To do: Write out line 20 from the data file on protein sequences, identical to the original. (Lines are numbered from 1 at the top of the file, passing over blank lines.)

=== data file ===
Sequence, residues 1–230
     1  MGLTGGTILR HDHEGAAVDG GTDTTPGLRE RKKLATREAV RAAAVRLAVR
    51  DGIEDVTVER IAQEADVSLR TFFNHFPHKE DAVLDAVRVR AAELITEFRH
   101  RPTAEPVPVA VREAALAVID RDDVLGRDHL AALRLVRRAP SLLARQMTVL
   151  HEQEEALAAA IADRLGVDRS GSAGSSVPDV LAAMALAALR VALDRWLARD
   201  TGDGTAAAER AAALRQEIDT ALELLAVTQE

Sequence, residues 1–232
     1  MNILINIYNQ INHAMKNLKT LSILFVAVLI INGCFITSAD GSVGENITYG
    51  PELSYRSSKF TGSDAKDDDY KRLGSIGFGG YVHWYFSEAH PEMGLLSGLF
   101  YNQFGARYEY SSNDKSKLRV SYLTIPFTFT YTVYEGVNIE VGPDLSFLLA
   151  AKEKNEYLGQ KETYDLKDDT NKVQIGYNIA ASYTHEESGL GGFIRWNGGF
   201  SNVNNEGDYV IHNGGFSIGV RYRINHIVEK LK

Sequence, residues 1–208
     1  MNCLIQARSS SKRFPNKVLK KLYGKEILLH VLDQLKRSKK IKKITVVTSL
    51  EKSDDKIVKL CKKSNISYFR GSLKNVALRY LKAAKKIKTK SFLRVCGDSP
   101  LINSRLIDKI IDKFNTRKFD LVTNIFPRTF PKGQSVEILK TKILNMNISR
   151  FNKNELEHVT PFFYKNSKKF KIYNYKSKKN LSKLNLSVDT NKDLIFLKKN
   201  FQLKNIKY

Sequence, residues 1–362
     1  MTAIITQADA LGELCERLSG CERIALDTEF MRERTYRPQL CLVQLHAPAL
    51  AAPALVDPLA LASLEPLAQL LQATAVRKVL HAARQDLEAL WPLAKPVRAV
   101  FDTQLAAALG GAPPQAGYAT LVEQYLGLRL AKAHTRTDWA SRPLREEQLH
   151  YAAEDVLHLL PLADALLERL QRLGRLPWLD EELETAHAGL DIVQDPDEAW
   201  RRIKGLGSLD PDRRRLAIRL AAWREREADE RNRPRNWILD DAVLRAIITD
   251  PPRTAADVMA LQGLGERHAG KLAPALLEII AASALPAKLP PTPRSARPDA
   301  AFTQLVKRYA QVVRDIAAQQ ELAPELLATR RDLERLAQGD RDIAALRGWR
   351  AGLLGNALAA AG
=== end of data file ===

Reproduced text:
     1  MTAIITQADA LGELCERLSG CERIALDTEF MRERTYRPQL CLVQLHAPAL